NOAA investigating rare whale beachings

A Stejneger’s beaked whale from the Smithsonian National Museum of Natural History Marine Mammal Program, (Photo courtesy of Toshio Kasuya)

A Stejneger’s beaked whale from the Smithsonian National Museum of Natural History Marine Mammal Program, (Photo courtesy of Toshio Kasuya)

Three rarely seen whales beached on Alaska’s coast last year, and NOAA Fisheries is investigating whether human activity contributed to the strandings.

The Stejneger’s beaked whales beached last fall: one on St. Lawrence Island and two in Valdez. Neither of those places are where Stejneger’s are usually found, and each animal showed indications of trauma.

“They had bubbles of air within the blood vessels,” Dr. Kathy Burek Huntington, from the Alaska Veterinary Pathologist Service, said. “And this is true in all the cases—the animals in Valdez and also the animal up in the St. Lawrence Island area. You know, this is just a classic lesion that you see when there’s an animal that suffered from barotrauma.”

Huntington performed the necropsies on the whales in Valdez and said barotrauma is like the bends in humans— often caused by rising too quickly to the surface from a deep dive. But Stejneger’s are built for deep dives. They’re usually found over a half mile below the water.

“They should have certain behaviors that should allow them to avoid that situation if they’re acting normally,” Huntington said.

Loud noises can send the whales rocketing to the surface, and seismic activity can also damage barriers within the whales’ bodies between gas-filled areas and the bloodstream. Both situations can cause trauma. “For example,” Huntington explains, “if there’s blasting going on in an area, underwater blasting, that can create this kind of thing. It’s thought that really high intensity sonar is another possibility. “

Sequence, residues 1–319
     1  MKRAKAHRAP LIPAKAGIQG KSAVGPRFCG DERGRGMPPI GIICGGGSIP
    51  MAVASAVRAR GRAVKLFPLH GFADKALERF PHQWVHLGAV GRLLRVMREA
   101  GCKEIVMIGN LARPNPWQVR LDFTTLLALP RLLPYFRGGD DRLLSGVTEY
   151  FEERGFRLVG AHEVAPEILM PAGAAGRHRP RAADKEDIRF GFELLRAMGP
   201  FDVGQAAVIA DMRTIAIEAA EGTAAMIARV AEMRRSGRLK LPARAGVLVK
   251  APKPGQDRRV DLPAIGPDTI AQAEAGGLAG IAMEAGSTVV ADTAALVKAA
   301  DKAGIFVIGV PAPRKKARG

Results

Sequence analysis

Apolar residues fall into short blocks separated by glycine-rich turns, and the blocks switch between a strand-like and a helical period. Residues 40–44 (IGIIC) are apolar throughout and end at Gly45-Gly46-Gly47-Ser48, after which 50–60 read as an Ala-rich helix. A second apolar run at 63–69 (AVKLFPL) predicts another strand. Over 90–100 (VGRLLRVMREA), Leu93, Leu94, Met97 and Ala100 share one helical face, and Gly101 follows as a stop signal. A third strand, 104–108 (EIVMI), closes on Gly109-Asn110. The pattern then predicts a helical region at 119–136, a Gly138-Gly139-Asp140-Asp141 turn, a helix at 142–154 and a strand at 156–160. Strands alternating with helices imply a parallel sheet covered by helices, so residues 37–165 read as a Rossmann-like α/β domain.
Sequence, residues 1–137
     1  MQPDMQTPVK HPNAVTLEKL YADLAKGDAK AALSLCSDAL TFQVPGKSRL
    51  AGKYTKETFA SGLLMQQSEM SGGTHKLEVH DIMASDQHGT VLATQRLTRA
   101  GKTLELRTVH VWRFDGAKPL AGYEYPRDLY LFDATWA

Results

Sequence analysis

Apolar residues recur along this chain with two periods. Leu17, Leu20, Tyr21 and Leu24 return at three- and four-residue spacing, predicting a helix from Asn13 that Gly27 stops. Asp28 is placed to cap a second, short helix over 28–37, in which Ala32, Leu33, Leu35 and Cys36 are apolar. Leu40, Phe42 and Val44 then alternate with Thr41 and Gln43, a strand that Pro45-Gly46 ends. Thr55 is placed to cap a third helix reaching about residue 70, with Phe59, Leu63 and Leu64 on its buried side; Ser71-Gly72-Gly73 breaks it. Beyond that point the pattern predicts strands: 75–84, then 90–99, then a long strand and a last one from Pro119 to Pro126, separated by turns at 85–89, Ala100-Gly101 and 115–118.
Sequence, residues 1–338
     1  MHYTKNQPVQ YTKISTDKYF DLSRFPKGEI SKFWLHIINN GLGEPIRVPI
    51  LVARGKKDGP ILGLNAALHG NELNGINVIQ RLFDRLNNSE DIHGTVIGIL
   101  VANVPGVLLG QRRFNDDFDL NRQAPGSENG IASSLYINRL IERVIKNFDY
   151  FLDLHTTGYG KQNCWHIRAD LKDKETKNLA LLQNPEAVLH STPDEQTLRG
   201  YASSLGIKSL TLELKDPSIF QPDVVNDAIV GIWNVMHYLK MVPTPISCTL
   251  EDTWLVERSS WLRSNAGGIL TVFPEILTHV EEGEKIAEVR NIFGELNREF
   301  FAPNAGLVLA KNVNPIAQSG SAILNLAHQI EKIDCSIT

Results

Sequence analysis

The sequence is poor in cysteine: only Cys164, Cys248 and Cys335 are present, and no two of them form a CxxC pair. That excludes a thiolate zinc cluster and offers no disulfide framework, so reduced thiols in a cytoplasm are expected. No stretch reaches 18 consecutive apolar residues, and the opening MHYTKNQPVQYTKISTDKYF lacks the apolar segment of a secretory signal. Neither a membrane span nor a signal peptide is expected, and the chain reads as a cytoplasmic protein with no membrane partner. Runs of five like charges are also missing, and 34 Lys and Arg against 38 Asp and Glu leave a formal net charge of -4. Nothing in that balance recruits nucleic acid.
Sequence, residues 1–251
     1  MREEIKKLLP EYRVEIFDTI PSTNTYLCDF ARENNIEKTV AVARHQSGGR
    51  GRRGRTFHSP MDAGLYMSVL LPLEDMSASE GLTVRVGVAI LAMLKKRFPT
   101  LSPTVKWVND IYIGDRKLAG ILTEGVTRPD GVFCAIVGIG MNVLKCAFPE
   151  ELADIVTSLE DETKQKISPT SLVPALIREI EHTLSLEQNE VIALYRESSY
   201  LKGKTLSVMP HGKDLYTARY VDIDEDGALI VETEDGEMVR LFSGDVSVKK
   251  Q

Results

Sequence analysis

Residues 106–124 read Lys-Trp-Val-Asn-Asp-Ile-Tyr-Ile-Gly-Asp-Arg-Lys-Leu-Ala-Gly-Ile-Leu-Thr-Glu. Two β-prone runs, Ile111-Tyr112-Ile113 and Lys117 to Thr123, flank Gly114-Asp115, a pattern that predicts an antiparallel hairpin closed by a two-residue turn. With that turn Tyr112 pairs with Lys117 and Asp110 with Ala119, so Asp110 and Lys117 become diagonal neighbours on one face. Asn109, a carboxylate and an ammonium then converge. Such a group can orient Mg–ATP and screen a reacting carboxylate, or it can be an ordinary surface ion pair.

Beaked whales’ tendency for deep dives makes their presence in the shallow waters of the Bering Strait Region and Valdez unusual. Aleria Jensen, the NOAA Fisheries Marine Mammal Stranding Coordinator for the Alaska Region, said beachings occur for many reasons, like disease, entanglement, and ship collisions.

So far, she said there’s no evidence of any of those in these whales.

“So it leads us back to the gas bubbles pointing to some kind of acoustic trauma, so we want to see what was going on in the area during that time,” Jensen said.

NOAA Fisheries is investigating the cause of the strandings and if noise from human activity contributed.

Huntington said there were reports of seismic activity in Valdez in the area of the beaching, but the investigation is ongoing.

(Editor’s note: This article originally stated Dr. Kathy Burek Huntington performed the necropsies on the whales. Dr. Huntington performed the necropsies on the two whales in Valdez. Gay Sheffield with the University of Alaska Fairbanks Marine Advisory Program performed the necropsy on the whale on St. Lawrence Island with support from the community of Gambell.)